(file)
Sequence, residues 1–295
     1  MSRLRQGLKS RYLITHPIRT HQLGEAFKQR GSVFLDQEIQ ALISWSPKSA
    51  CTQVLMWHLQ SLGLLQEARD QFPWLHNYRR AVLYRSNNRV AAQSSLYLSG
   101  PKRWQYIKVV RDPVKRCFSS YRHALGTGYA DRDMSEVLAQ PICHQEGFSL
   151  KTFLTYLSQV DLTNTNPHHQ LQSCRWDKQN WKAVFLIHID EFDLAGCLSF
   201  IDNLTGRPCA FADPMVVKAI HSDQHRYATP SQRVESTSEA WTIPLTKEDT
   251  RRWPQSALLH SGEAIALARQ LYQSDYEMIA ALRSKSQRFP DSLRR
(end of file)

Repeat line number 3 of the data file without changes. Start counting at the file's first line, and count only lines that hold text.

    51  CTQVLMWHLQ SLGLLQEARD QFPWLHNYRR AVLYRSNNRV AAQSSLYLSG